Harold Pinter’s The Dumb Waiter brings absurdist existential dread to the hitman genre. And, in Theatre Esperance’s tight production, it’s great fun.
Fifty trees of Montreal
April is the cruelest month. Except for the trees. They cycle through life and death as if it were a roller coaster. Any minute now they’ll be racing past on their way to the…
By Leila Marshy
#ListMTL April 2015
Blue Met is back with a bang, springtime goes digital, the rising stars of MTL dance, and much more in Rover's cultural events newsletter for April 2015.
By Shawn Katz
Rossi’s rage goes widescreen
Playwright Vittorio Rossi butts heads with the Canadian film industry in The Envelope, leaving both adversaries reeling.
By Jim Burke
The Resilience of Augie Merasty
Augie Merasty was five years old when his father put him into the canoe that would take him to a residential school in Saskatchewan.
By Elise Moser
Into the Blue
The 2015 Blue Met Literary Festival will feature over 100 writers, including Junot Díaz, Nancy Huston, Russell Banks, Hector Tobar, and Marie Howe.
By Rebecca Fishow
Michel Tremblay’s Hosanna might be showing its age, but it’s far from a drag in Tableau d’Hote’s funny, moving and atmospheric production.
debbie tucker green’s Random, a one-woman play about the effects of a brutal murder on a London family, sets the stage on fire.
The New Zealand-made The Babadook is a smart, inventive and genuinely terrifying psychological horror movie.
L’Aiglon, a long neglected opera about Napoleon’s hapless son, is given the OSM treatment under Kent Nagano’s baton.
A lighting designer steps out from behind the controls to tell a devastating tale of life, death and filial love in Israel in How to Disappear Completely.
The recent Quebec Drama Federation event saw a wealth of anglo theatre companies setting out their stalls for the spring season. We select a few examples of what’s on offer.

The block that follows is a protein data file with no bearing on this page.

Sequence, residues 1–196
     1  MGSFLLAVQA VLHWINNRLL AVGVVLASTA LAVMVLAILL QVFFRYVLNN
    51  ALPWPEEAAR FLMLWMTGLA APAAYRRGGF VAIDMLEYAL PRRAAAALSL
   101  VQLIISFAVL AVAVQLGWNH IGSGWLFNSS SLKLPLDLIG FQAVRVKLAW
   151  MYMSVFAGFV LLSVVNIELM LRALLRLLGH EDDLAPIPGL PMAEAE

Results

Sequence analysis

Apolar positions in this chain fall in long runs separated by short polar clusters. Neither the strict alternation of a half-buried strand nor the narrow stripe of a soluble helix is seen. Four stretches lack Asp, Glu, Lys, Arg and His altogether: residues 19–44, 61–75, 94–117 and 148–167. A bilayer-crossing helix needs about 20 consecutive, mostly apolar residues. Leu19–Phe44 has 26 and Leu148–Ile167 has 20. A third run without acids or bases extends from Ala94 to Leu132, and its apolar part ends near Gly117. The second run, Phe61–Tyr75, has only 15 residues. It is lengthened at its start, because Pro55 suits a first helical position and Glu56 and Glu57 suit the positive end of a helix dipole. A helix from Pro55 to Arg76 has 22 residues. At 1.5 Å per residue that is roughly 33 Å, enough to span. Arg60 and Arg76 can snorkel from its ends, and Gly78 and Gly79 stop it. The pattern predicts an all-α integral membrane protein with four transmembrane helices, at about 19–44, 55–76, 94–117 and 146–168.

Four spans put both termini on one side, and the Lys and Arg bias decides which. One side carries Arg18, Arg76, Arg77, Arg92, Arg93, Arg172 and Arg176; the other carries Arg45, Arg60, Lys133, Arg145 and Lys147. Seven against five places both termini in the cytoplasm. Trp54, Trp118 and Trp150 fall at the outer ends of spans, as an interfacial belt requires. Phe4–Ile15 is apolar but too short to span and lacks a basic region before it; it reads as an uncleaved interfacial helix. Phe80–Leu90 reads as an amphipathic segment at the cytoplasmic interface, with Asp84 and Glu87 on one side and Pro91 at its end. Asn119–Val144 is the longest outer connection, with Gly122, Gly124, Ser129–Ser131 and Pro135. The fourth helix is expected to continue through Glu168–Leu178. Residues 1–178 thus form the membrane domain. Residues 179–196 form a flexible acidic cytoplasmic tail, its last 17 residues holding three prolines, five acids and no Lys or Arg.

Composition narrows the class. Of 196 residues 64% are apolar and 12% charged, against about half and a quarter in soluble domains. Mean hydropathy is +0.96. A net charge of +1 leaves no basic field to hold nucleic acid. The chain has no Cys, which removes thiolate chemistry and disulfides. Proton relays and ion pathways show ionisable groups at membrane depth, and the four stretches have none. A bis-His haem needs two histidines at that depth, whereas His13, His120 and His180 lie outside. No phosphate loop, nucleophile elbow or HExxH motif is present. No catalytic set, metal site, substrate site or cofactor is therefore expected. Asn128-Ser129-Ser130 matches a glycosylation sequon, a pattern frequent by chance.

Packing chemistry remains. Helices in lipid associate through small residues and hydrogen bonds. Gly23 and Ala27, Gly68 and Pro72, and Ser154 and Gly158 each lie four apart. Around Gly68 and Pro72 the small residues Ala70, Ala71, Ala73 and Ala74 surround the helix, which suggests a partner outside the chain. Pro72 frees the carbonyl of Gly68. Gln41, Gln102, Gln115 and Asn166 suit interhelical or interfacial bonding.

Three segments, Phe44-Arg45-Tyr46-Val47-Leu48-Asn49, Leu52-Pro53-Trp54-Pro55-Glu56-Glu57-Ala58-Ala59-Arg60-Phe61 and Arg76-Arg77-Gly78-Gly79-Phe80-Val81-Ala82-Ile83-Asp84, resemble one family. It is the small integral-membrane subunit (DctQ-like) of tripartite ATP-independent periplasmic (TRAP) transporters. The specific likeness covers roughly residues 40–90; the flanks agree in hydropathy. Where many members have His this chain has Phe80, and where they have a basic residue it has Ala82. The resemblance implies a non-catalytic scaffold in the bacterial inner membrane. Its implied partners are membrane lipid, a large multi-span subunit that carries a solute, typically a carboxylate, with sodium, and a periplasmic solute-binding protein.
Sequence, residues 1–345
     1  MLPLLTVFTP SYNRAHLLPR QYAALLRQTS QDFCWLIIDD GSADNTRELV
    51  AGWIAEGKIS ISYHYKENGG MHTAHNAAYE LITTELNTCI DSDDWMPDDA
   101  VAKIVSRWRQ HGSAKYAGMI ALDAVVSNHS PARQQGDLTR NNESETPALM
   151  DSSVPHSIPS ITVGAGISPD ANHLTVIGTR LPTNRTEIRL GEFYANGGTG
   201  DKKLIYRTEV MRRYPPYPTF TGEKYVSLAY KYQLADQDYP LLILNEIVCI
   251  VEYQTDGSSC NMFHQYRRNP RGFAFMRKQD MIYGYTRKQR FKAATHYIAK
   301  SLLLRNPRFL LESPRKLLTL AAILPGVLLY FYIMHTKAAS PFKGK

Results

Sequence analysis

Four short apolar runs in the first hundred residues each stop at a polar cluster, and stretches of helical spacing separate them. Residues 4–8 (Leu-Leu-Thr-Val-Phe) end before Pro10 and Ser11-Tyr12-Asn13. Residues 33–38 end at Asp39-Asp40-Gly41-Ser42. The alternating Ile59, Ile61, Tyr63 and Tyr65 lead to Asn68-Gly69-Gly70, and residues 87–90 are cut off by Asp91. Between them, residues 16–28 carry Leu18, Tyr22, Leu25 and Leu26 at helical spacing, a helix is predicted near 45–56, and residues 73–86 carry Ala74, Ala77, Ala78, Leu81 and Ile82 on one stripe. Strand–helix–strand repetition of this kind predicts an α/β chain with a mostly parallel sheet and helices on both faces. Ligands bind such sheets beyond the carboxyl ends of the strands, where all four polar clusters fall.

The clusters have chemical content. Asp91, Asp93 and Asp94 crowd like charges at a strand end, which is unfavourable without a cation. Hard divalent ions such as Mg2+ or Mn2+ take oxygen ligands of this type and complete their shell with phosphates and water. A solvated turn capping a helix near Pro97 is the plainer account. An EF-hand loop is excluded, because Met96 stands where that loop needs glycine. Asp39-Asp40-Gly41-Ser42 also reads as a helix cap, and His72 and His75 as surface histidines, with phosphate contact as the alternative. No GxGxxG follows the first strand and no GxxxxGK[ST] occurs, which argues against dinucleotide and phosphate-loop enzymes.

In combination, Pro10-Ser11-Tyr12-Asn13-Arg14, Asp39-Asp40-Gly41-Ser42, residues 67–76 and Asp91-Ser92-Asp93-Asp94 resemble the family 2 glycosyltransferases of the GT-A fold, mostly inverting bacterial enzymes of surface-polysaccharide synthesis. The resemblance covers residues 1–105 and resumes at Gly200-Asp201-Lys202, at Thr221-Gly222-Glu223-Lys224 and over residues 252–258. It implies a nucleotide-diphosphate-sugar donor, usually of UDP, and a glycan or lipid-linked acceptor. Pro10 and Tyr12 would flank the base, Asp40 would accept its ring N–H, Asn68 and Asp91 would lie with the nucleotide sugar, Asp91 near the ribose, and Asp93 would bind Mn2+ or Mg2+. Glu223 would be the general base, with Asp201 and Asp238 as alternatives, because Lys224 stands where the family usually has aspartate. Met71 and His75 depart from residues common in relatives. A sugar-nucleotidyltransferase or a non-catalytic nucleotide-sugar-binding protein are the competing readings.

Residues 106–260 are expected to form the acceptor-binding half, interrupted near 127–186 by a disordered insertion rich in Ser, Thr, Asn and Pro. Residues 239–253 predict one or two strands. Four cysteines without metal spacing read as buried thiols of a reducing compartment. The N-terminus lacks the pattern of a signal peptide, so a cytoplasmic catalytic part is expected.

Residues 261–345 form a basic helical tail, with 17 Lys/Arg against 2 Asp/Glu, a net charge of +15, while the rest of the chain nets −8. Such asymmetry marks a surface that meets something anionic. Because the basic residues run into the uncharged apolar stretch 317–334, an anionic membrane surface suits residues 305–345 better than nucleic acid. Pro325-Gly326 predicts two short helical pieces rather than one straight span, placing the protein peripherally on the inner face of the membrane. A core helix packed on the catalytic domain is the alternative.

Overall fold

This week sees both Tremblay’s Hosanna and Pinter’s The Dumb Waiter coming to Mainline Theatre. We look back at other shining examples of the two-man play.
Andrey Zvayagintsev’s Oscar-nominated film Leviathan wowed the critics but enraged Russia’s ruling elite. Adam Lawrence explains why.
Borrowing heavily from a classic Italian neo-realist film, ICKamasterdam bring contemporary dance into the boxing ring.
Haunted by life’s transience, Mark Anthony Jarman’s collection of interlinked stories evokes the fever-dream landscape of humid and sensual Italy.
Keaton is Birdman, Montreal is Charlie, and we are all… under surveillance? Your guide to Montreal culture is back and better than ever.
Xavier Dolan’s leap into the mainstream with Elephant Song comes up short against a lacklustre script and shrill melodramatics.
Sparks fly as a manic free-spirit meets a jaded middle-class couple in Centaur’s production of The Goodnight Bird.
As The Gazette loses more blood, Matthew Hays pays tribute to two departing heavy hitters and asks what’s next for Montreal’s English-language daily.